A recent review of our compliance efforts suggested certain amendments to maintain our status as compliant with best practices. This Bill incorporates those amendments to maintain our position among the world’s most compliant jurisdictions.

I invite all interested members of the public to review this Bill, along with the others debated in this House today, at to get a sense of how truly comprehensive our approach has been.

As always, these amendments have been made in full consultation with public and private sector stakeholders, as well as with international stakeholders where appropriate.

I thank the teams at the Attorney General’s Office, the Ministry of Finance, and the Ministry of Economic Affairs for their work in strengthening our financial services laws and regulations and demonstrating to all observers why we consistently maintain our place among the best financial services jurisdictions in the world.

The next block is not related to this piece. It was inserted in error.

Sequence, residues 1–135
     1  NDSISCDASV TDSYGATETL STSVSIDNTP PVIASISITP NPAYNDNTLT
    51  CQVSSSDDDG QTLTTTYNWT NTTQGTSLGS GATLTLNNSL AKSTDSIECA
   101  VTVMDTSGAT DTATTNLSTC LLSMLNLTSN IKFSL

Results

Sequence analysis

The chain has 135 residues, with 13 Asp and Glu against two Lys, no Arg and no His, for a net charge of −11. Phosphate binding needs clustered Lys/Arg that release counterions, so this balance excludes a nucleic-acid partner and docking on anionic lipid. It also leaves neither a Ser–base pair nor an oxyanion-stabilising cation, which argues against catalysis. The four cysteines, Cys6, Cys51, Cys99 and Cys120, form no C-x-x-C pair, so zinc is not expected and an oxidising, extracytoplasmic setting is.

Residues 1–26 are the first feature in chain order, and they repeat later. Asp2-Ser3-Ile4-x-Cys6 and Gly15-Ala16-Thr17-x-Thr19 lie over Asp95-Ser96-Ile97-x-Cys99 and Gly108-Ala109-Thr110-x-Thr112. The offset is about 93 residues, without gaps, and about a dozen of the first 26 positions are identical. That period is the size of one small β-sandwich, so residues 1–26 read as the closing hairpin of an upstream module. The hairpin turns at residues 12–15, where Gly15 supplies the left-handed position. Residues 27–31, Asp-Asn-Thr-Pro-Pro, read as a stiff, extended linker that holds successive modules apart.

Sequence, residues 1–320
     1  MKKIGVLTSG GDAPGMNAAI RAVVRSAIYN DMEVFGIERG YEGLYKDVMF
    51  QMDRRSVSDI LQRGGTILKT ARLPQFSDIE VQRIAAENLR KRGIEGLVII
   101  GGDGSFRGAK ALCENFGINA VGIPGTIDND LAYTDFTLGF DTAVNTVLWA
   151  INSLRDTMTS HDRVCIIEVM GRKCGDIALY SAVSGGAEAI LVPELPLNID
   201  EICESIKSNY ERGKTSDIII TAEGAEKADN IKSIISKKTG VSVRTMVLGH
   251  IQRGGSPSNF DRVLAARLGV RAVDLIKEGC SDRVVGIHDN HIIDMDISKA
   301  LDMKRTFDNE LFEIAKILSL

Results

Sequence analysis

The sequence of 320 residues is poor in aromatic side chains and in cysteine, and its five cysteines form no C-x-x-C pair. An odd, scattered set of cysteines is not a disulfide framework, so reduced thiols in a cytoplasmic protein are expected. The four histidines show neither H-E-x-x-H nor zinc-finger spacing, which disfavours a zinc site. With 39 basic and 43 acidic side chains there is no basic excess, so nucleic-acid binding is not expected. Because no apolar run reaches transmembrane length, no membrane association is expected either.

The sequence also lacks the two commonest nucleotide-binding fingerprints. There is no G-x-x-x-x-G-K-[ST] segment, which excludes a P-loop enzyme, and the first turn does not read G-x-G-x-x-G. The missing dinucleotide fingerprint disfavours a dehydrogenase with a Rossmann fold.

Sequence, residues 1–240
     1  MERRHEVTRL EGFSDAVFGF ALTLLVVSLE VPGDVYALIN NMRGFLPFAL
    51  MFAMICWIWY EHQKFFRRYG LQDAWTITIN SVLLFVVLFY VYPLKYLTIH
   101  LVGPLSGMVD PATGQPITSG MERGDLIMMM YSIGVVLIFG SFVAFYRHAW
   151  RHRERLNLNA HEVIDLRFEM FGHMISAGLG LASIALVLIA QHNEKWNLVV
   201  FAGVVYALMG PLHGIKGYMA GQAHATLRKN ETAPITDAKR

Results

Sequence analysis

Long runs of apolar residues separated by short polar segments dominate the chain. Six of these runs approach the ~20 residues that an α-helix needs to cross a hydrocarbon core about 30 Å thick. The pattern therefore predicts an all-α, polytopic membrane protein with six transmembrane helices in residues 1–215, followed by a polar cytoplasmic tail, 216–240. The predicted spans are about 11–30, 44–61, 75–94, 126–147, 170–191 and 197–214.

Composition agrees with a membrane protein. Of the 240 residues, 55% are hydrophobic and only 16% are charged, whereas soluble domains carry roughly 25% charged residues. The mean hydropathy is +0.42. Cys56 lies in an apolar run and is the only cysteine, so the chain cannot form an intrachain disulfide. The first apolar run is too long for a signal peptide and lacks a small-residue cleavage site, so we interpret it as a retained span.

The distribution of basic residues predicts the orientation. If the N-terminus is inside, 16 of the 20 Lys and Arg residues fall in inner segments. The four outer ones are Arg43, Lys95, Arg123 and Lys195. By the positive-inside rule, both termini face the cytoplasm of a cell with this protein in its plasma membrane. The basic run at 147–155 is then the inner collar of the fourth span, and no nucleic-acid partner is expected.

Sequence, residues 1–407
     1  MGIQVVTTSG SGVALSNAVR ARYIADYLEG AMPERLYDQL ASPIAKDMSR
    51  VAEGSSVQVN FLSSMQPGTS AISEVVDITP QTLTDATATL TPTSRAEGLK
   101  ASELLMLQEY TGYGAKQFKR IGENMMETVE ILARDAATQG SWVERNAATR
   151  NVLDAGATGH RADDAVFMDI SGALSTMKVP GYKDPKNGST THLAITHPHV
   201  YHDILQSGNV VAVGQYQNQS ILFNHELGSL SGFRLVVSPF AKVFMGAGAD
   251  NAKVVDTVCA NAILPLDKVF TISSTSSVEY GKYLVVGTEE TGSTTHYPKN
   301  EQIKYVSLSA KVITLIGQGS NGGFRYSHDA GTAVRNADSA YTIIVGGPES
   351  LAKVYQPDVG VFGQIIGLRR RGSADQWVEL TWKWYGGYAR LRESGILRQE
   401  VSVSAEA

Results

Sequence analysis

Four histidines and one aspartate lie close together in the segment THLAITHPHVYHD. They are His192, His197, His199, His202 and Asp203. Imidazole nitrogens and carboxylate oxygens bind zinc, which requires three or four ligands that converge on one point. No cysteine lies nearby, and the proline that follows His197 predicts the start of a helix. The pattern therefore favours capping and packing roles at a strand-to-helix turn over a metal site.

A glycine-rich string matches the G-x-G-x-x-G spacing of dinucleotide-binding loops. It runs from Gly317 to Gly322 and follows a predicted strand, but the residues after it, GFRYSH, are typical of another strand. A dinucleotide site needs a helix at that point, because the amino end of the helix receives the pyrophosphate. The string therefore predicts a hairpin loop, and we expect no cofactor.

This administration remains fully committed to adhering to the highest global standards. We look forward to seeing the positive results that we are certain this compendium of Bills will deliver to bolster financial services as our second-largest industry.

Thank You, Madam Speaker.

And may God continue to bless The Commonwealth of The Bahamas.